The Telegraph
Since 1st March, 1999
Email This Page

A new state is a hope for the people, but its politicians can be their disappointment. This seems to be pretty much the story of Jharkhand in the third anniversary of its existence. Of the three new states created three years ago, Jharkhand has fared far worse in almost every respect than Chhattisgarh and Uttaranchal. Nobody expected a new and economically backward state to work wonders in three years. But Jharkhand’s first rulers seem completely clueless even about the road ahead, thanks mainly to repeated spells of political uncertainty. The Bharatiya Janata Party, which leads the coalition government there, must take the blame for this failure. In three years, the state had two chief ministers, none of whom ever seemed in control of the administration. If pressures from his own party and other coalition partners forced Mr Babulal Marandi out prematurely, his successor, Mr Arjun Munda, looks just as unstable. Many of the schemes that Mr Marandi promised to start, such as a new assembly building or the Greater Ranchi urban complex, were promptly shelved by Mr Munda. What the state got instead were new problems over the domicile issue and job reservations for the other backward classes.

The anniversary celebrations, however, prompted Mr Munda and his two party colleagues from the Union government — the civil aviation minister, Mr Rajiv Pratap Rudy, and the labour minister, Mr Sahib Singh Verma — to promise a new beginning. A Rs 50-crore facelift for the Ranchi airport and a new train between Ranchi and Mumbai were announced. Mr Verma announced Central assistance for setting up a special economic zone in the state. But the biggest birthday bounty came in the form of 32,000 new jobs, mostly for police constables and primary school teachers. It would be tempting to congratulate the chief minister on his other announcement that the panchayat polls in the state would be held by next March. But even Mr Marandi had promised two years ago to hold the elections. Decentralization is a crucial need in a state which has long been plagued by Maoist violence. Endemic poverty and illiteracy have made large parts of the state a happy hunting ground for the Maoists. Panchayats could play an important role in the hilly and forested regions where the administration rarely functions. There is no sign as yet that the government has a plan for industrializing a state that has abundant mineral resources. But then, there are no signs either that Jharkhand’s new political class is up to its task.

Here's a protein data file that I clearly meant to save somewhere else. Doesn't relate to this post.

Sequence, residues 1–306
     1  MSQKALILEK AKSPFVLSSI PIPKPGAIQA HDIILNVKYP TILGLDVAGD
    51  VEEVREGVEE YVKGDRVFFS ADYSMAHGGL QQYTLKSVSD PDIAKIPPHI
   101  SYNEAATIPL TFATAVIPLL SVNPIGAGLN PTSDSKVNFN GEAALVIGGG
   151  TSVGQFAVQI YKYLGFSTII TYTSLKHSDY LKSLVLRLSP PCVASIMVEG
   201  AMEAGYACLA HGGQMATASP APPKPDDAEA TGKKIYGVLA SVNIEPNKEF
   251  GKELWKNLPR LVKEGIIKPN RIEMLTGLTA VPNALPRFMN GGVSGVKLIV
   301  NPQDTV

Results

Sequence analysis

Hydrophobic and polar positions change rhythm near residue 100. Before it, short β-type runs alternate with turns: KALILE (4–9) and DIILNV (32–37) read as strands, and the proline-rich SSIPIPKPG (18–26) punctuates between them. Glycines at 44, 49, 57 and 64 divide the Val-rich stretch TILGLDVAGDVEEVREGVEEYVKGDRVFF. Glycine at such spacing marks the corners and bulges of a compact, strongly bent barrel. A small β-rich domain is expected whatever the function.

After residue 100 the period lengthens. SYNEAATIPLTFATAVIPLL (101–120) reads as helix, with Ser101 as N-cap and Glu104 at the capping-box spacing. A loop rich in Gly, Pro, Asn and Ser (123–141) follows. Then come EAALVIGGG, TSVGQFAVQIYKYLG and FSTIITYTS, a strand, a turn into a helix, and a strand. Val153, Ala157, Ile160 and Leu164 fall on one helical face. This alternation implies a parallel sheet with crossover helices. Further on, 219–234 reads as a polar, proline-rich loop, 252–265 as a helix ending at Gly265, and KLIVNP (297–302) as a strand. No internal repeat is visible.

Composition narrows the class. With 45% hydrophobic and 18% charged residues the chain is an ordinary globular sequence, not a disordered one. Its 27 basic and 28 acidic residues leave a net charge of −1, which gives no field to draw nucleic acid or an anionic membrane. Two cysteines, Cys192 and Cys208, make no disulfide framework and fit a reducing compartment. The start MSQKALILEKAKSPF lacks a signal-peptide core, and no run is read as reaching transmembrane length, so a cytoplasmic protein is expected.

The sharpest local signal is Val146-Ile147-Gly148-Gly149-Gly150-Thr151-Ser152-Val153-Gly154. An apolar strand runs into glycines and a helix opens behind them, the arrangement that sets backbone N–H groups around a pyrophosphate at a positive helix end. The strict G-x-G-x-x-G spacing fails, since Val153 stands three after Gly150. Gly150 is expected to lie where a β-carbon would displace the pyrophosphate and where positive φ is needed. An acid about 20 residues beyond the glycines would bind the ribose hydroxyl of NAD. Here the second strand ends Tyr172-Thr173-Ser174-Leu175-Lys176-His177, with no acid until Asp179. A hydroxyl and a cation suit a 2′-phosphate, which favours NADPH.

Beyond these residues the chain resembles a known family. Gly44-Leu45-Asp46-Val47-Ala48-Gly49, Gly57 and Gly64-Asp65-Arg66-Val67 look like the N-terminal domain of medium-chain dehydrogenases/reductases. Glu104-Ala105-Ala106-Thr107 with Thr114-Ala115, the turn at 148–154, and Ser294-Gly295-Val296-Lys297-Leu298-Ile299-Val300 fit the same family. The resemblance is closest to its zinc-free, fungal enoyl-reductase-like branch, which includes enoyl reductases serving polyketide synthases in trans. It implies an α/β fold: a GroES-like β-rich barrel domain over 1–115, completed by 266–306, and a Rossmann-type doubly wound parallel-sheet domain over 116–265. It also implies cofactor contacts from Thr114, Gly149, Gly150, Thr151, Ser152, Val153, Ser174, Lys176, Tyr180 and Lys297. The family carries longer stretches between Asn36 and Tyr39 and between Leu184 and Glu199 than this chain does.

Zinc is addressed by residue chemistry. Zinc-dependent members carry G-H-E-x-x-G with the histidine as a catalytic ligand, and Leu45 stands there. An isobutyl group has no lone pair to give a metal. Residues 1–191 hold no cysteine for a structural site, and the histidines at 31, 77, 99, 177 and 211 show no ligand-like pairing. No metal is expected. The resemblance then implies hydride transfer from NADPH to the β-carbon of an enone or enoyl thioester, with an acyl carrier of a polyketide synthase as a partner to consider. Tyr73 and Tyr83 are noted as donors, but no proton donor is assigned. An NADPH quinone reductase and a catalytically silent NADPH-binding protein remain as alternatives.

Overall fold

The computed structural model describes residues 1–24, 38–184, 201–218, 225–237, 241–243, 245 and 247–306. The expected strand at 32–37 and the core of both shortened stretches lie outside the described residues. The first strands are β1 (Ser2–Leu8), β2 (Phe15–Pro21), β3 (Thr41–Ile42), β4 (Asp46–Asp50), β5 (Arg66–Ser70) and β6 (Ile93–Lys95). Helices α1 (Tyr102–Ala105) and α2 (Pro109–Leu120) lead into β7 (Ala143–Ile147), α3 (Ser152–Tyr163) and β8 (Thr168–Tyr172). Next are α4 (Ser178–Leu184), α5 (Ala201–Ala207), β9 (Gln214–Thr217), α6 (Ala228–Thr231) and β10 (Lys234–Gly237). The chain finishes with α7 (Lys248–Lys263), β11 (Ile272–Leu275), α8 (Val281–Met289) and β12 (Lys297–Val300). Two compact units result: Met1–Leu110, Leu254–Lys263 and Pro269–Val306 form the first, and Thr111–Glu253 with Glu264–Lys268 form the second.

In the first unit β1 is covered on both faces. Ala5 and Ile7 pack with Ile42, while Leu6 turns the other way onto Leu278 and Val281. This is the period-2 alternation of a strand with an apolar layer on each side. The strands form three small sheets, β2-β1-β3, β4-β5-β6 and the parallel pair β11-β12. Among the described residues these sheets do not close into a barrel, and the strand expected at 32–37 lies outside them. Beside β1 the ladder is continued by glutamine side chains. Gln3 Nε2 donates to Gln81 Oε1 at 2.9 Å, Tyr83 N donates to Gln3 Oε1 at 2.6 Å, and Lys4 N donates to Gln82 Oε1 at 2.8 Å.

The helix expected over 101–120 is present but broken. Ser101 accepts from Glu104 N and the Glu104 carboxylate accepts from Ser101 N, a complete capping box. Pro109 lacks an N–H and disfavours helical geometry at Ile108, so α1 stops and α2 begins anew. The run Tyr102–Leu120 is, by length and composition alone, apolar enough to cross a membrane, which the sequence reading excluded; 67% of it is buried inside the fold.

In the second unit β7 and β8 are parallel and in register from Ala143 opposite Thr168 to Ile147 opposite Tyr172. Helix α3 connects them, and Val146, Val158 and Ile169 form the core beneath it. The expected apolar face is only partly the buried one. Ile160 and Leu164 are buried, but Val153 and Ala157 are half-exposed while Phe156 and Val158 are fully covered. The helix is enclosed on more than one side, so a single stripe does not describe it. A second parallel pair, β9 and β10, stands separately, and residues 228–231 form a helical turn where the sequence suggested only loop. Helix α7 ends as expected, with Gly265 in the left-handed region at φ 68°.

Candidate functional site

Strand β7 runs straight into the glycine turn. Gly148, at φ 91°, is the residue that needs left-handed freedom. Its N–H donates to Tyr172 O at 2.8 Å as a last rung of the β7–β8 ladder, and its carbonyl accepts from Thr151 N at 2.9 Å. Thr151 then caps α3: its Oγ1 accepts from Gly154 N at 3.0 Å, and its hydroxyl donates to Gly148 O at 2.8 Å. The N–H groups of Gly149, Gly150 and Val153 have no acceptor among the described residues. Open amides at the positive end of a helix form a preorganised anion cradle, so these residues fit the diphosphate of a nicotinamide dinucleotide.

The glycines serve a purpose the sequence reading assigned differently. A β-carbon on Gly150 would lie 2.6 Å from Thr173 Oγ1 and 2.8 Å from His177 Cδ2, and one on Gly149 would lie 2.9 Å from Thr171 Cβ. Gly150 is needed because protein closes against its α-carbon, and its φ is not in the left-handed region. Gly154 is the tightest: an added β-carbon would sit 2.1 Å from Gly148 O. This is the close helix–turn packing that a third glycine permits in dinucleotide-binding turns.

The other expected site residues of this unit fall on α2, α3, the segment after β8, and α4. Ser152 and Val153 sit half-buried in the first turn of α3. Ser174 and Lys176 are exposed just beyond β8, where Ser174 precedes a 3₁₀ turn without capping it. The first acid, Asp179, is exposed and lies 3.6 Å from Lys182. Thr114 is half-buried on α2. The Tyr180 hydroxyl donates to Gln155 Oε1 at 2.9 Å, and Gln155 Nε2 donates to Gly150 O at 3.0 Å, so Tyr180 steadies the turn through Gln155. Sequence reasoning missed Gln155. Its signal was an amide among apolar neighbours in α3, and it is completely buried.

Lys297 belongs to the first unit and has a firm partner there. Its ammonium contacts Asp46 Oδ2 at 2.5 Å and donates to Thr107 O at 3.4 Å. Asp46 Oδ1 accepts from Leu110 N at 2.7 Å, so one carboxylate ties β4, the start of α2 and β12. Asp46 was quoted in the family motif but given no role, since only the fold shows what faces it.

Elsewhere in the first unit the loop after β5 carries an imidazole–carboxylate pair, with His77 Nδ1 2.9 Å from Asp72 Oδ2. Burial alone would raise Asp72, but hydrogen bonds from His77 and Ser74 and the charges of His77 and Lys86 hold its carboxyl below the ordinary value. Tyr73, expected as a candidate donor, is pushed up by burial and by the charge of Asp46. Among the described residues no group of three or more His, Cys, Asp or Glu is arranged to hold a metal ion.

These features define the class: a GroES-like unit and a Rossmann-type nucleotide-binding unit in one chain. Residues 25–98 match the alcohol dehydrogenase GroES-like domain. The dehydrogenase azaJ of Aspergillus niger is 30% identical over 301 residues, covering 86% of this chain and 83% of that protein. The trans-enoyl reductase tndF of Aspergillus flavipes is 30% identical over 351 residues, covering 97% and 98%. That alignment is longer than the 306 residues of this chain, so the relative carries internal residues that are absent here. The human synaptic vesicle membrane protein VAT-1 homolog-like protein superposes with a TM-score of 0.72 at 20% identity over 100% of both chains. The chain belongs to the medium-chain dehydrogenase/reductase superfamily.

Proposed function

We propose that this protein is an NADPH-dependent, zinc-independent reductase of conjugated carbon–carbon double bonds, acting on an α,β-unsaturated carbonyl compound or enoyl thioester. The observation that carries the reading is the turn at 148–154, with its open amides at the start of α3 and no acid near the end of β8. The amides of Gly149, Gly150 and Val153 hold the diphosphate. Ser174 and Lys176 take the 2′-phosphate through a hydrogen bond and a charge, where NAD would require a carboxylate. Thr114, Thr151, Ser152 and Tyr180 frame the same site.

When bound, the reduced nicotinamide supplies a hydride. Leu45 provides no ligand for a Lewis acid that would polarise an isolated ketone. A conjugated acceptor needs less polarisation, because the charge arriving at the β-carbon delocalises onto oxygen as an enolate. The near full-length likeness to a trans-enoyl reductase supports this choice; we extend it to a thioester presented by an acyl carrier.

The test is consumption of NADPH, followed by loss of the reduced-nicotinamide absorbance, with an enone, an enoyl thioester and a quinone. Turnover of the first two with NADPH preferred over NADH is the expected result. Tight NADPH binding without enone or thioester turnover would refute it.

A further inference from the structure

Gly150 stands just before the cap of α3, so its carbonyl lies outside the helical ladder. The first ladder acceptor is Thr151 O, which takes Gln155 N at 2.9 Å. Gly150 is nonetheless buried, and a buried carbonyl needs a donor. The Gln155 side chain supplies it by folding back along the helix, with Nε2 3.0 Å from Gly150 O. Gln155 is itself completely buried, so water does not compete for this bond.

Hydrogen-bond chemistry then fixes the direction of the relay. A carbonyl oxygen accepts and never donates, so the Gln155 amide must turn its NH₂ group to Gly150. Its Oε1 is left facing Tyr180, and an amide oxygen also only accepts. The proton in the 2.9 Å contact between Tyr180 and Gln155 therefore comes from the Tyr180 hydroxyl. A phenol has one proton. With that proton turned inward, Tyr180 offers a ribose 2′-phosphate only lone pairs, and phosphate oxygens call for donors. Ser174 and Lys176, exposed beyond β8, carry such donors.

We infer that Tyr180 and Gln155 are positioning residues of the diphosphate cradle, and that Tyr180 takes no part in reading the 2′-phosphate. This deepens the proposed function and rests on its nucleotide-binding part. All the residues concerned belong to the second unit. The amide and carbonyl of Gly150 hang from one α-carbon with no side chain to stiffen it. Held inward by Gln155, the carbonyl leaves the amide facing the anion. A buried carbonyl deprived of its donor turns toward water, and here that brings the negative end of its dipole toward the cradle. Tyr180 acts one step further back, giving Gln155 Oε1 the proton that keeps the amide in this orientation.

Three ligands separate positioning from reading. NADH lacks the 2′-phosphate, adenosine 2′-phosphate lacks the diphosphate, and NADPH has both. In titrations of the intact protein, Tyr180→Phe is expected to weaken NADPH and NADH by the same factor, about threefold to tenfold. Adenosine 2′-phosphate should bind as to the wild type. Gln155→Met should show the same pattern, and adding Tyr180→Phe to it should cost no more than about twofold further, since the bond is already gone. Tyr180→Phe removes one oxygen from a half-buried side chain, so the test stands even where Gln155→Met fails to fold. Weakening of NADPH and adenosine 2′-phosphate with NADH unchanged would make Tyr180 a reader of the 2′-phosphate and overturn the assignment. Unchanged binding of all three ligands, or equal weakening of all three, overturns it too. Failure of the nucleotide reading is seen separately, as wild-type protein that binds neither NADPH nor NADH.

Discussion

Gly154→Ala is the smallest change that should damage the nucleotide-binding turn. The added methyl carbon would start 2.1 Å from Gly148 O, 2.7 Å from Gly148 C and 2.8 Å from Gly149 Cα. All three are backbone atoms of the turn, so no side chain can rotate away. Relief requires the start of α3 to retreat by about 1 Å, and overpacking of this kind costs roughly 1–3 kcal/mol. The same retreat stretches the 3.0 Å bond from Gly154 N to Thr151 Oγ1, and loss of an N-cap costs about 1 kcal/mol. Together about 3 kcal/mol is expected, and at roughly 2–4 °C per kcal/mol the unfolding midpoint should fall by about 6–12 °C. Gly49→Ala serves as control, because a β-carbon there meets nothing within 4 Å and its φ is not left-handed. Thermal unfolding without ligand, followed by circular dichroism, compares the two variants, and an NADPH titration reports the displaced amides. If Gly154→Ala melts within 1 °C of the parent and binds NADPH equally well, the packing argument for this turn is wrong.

Email This Page